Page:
Recent evidence suggests that neutrophil/lymphocyte (N/L) ratio play a role in the development and progression of cardiovascular complications. Increased urinary albumin and protein excretion has been shown to be a risk factor for cardiovascular disease. Thus, this study aimed to investigate the relationship between circulating total and differential leukocyte counts including N/L ratio with urinary protein and albumin excretion in patients with newly diagnosed type 2 diabetes.
All patients underwent history taking, physical examination, blood pressure measurement, 12-lead electrocardiographic evaluation, routine urine analysis, biochemical analysis, 24-hour urine collection to measure protein and albumin excretion and creatinine clearance. Peripheral total and differential leukocyte analyses were performed using an automated cell counter.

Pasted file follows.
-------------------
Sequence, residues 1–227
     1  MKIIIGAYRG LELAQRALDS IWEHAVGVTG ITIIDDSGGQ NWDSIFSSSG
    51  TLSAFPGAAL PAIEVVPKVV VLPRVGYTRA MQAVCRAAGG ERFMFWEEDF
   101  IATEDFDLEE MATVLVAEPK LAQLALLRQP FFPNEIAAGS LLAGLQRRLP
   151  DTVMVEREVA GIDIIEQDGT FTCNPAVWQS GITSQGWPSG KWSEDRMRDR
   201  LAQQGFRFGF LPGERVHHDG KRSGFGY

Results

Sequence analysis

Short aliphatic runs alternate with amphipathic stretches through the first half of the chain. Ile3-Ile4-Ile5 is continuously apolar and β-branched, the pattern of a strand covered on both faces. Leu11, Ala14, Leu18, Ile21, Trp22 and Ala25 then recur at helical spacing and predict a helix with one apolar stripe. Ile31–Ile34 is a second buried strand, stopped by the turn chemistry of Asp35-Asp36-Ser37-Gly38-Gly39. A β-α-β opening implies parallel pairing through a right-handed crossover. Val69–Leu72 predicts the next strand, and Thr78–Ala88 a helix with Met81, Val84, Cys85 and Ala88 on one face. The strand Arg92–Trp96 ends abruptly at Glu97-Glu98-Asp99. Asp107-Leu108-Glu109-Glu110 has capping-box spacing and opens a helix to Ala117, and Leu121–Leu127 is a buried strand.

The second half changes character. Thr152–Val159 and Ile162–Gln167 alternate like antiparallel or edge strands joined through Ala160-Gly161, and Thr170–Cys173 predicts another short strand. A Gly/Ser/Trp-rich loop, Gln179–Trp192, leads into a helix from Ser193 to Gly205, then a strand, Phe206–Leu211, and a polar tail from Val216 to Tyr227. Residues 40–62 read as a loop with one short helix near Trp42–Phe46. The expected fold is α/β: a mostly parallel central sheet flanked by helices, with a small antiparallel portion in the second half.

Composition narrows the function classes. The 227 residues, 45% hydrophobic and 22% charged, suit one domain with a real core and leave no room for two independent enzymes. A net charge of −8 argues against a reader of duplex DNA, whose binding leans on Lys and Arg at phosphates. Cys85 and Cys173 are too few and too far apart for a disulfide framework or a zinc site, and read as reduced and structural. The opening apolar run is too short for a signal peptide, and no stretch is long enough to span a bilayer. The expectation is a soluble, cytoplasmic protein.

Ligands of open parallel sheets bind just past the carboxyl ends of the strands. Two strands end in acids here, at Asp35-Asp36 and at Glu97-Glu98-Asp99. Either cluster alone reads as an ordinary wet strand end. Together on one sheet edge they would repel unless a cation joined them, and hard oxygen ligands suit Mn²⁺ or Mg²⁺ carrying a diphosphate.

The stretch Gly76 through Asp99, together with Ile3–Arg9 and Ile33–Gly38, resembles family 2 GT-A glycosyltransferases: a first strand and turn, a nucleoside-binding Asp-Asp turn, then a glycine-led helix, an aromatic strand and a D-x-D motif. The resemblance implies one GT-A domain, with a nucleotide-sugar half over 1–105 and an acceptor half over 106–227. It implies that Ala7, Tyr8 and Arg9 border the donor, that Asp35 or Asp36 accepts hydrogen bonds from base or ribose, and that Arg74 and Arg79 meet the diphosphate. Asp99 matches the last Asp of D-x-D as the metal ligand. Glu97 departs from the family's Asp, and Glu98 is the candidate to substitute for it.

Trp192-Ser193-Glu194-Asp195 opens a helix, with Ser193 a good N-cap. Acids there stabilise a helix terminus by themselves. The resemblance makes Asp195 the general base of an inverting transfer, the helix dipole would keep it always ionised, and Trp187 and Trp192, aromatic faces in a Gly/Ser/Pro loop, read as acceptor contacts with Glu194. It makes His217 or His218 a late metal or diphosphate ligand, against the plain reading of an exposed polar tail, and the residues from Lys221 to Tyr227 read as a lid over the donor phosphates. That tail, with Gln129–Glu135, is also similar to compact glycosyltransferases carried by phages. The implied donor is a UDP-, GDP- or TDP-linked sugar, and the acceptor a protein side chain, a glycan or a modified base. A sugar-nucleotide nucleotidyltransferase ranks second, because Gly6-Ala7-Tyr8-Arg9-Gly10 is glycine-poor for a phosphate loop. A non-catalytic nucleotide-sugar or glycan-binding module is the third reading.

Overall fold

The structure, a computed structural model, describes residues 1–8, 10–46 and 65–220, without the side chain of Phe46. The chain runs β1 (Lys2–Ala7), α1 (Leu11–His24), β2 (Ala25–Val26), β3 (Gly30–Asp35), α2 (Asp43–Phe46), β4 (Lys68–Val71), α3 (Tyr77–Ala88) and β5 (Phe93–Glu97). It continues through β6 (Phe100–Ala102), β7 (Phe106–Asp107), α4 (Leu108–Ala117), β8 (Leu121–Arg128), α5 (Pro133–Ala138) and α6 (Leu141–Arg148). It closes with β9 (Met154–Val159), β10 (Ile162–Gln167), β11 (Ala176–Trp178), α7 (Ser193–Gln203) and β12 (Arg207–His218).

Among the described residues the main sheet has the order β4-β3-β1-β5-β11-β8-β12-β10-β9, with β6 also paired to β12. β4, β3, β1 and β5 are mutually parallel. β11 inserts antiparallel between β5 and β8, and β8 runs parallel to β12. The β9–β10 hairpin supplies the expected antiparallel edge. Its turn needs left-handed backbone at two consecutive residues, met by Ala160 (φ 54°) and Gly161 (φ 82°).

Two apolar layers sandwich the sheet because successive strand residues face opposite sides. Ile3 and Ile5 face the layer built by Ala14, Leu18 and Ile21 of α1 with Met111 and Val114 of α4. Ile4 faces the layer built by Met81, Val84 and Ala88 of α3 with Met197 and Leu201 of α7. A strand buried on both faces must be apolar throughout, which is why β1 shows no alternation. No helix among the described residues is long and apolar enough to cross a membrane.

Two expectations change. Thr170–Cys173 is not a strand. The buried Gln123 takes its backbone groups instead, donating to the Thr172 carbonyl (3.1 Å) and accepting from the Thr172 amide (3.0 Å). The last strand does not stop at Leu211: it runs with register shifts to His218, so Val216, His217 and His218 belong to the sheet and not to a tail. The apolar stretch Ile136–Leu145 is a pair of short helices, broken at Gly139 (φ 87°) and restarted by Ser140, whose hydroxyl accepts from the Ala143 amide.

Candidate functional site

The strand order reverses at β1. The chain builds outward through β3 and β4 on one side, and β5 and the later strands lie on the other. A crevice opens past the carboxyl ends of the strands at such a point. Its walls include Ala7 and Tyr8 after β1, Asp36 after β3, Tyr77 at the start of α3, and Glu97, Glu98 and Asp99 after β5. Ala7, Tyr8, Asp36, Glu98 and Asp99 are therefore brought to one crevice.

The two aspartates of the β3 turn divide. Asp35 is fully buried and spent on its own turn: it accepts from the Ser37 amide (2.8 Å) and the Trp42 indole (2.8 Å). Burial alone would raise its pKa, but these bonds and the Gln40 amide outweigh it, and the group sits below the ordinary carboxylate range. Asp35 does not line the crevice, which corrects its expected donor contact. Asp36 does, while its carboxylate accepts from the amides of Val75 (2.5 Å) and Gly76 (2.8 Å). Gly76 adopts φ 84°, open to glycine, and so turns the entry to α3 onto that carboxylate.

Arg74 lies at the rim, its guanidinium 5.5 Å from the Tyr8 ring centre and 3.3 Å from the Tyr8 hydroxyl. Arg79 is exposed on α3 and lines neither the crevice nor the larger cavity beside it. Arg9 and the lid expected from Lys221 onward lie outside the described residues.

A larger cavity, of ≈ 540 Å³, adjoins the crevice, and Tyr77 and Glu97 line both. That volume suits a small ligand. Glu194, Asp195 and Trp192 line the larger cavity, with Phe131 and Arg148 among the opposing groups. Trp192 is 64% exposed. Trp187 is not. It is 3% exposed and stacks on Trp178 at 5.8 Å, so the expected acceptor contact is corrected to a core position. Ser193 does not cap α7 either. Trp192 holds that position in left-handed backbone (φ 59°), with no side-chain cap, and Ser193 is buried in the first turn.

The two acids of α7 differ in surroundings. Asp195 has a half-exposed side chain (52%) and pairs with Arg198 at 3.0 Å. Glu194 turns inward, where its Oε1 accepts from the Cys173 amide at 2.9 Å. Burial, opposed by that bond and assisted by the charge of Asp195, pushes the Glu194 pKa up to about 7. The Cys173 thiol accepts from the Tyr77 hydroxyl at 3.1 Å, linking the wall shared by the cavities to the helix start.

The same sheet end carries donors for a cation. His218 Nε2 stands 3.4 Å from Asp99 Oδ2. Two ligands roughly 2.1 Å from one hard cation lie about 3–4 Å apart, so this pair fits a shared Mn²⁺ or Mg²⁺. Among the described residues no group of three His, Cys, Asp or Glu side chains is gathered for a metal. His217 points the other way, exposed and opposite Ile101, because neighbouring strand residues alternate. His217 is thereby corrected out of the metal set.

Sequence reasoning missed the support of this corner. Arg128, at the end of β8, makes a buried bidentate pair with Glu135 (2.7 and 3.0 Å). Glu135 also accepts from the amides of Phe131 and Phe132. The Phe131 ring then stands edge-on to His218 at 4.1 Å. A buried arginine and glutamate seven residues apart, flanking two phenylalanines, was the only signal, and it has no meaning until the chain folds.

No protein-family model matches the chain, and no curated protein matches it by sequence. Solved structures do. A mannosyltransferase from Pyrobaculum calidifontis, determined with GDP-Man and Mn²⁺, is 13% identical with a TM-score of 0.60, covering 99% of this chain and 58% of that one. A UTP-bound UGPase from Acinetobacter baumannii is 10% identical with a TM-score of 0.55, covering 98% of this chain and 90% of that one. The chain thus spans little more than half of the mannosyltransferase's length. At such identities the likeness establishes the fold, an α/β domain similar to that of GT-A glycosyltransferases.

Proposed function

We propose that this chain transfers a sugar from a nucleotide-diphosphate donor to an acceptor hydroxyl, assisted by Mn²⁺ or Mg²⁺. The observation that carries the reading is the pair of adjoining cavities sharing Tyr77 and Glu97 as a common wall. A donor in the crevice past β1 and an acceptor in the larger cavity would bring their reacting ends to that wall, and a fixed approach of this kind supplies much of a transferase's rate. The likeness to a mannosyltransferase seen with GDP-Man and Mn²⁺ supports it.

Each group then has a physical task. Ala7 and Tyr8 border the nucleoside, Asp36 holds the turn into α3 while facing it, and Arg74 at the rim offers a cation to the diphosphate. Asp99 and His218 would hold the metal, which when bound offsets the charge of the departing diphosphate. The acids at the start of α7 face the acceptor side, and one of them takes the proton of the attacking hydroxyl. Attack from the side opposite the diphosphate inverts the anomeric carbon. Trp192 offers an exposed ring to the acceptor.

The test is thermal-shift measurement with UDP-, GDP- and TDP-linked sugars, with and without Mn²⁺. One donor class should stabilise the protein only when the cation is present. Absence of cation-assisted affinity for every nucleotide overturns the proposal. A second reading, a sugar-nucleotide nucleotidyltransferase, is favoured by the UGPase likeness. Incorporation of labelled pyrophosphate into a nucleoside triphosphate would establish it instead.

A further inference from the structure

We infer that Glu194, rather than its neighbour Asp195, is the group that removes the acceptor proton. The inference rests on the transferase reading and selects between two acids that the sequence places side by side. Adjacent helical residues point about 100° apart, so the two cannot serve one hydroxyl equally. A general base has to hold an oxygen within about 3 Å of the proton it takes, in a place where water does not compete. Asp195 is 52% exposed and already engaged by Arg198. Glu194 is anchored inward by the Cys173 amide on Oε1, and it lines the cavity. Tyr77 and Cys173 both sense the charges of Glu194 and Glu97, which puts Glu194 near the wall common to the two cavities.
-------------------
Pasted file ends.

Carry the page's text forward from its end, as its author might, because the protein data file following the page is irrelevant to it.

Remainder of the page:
In total, 80 patients were included. Spearman correlation analysis revealed that 24-hour urinary protein excretion was correlated with neutrophil count (ρ = 0.280, P = 0.012), lymphocyte count (ρ = −0.365, P = 0.001) and N/L ratio (ρ = 0.474, P < 0.0001). Spearman correlation analysis revealed that 24-hour urinary albumin excretion was correlated with neutrophil count (ρ = 0.261, P = 0.019), lymphocyte count (ρ = −0.278, P = 0.013) and N/L ratio (ρ = 0.415, P < 0.0001). In stepwise linear regression analysis, 24-hour urinary protein excretion was independently associated with high-density lipoprotein cholesterol (P = 0.01), blood urea (P = 0.014) and N/L ratio (P = 0.041). On the other hand, 24-hour urinary albumin excretion was independently associated with creatinine clearance (P = 0.004), albumin (P < 0.0001) and N/L ratio (P = 0.011).
This study demonstrated that increased N/L ratio was independently related with both 24-hour urinary protein and urinary albumin excretion in newly diagnosed patients with type 2 diabetes.